Charlie always had these ideas about making extra money. He liked to play the horses. Just like his mother – she loved the cards, too, particularly pinochle. Gracious, he had such hustle and all. So full of the talk he was, about the shows, the nightclubs, the fights. It was all so exciting for me. We went to the Hippodrome one afternoon to see the vaudeville. Your grandfather wore a straw boater with a huge red carnation in his lapel. At intermission, he smoked a thin cigar. That did it. I knew he was for me. He was a real earner guy, even though he liked the ponies.
But I couldn’t always be doing the taking, so I thought I’d impress him. Well, I had saved up some money from the piecework I was sewing on weekends for the Franklin Simon Department Store, $25. That was a lot of money then you know. So I bought him a watch, a real gold one with a chain and a fob. Had his initials put on the back – CDP, all etched in gothic letters. But the special thing of it was, I had a picture of me taken, my hair all done up in a Gibson-Girl. Then I had myself etched on the watch face, right next to the Elgin label. Such a thing was very rare for that time – it cost two dollars extra.
One day Charlie was pounding up the stairs as usual to see Mr. Lee about another money scheme and I said, here Charlie, have a peek at what’s in the box. It was tied with a blue cord, wool – I had knitted it, little rosettes on each end. And he opened it right there and shut up his huffing and said, Nellie, I never got anything so beautiful. I’m gonna call you Elgie from now on because we’re gonna have the time of our lives together. I said, Charlie, you just keep calling me Nellie, not some brand of goods like with your deals with Mr. Shubert.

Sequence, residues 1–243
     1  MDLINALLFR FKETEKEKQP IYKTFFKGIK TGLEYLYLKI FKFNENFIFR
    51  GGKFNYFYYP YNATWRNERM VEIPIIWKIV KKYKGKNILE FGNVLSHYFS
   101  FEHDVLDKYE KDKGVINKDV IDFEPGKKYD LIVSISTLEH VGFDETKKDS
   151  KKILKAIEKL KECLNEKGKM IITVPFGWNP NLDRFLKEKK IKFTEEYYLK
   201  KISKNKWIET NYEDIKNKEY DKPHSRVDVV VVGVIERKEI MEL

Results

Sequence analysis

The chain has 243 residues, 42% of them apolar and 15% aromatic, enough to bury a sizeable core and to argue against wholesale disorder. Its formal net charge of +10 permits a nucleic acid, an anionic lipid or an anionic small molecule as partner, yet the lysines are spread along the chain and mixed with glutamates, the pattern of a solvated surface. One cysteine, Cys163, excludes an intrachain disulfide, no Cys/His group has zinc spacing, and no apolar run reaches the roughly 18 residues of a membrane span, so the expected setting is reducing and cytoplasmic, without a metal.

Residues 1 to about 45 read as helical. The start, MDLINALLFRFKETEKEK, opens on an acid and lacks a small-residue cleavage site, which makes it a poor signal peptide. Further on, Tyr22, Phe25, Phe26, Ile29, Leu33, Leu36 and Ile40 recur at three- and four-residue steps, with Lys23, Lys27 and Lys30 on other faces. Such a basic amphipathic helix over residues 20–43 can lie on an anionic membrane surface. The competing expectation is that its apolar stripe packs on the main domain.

She stopped knitting and stared intently into her lap. And we did have a time, she said, Never mind the sickness. Everybody gets sick. You live with things…
I don’t know, maybe Charlie pulled the watch out too much at night when he was standing around outside those theaters during the intermissions. Maybe some new moon beam shone through the crystal and nicked me. Maybe mother was right about that.
I had to catch a plane. We had no time.
I’m sorry Nana, I said, I’ve got to run.
I rose, kissed her, and she returned to her work.
Of course Darlin’, she said, Don’t be missing your airplane on my account. Hurry now.
But I lingered at the door, watching her, just hair, bones, bits of cloth, the needles, the inevitable needles crossing, crossing, clicking, crossing….